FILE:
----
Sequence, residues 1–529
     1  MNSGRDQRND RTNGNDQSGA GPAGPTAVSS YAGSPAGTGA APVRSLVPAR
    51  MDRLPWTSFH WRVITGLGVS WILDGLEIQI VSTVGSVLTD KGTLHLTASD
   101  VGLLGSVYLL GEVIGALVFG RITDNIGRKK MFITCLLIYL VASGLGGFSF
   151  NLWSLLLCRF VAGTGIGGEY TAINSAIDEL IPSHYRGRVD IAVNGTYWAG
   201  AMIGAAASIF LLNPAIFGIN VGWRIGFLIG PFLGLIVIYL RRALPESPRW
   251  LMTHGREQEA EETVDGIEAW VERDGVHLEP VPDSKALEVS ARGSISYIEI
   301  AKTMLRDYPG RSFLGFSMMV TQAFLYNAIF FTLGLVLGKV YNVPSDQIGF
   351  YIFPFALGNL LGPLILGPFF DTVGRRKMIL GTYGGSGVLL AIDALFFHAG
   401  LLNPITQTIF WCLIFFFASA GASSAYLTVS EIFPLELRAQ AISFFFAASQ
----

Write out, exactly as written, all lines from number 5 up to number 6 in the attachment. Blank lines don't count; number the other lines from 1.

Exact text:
   151  NLWSLLLCRF VAGTGIGGEY TAINSAIDEL IPSHYRGRVD IAVNGTYWAG
   201  AMIGAAASIF LLNPAIFGIN VGWRIGFLIG PFLGLIVIYL RRALPESPRW